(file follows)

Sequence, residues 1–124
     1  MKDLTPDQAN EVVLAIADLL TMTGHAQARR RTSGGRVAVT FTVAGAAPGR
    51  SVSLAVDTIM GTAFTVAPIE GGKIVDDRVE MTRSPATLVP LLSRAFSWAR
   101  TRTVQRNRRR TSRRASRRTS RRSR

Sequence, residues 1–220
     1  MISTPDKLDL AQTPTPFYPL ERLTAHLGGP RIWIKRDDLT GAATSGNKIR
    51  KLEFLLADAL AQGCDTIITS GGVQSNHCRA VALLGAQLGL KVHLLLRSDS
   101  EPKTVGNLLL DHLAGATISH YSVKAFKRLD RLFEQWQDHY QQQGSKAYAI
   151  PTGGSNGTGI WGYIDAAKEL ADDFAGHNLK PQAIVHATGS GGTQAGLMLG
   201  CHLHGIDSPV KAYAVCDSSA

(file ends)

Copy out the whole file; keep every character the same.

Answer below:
Sequence, residues 1–124
     1  MKDLTPDQAN EVVLAIADLL TMTGHAQARR RTSGGRVAVT FTVAGAAPGR
    51  SVSLAVDTIM GTAFTVAPIE GGKIVDDRVE MTRSPATLVP LLSRAFSWAR
   101  TRTVQRNRRR TSRRASRRTS RRSR

Sequence, residues 1–220
     1  MISTPDKLDL AQTPTPFYPL ERLTAHLGGP RIWIKRDDLT GAATSGNKIR
    51  KLEFLLADAL AQGCDTIITS GGVQSNHCRA VALLGAQLGL KVHLLLRSDS
   101  EPKTVGNLLL DHLAGATISH YSVKAFKRLD RLFEQWQDHY QQQGSKAYAI
   151  PTGGSNGTGI WGYIDAAKEL ADDFAGHNLK PQAIVHATGS GGTQAGLMLG
   201  CHLHGIDSPV KAYAVCDSSA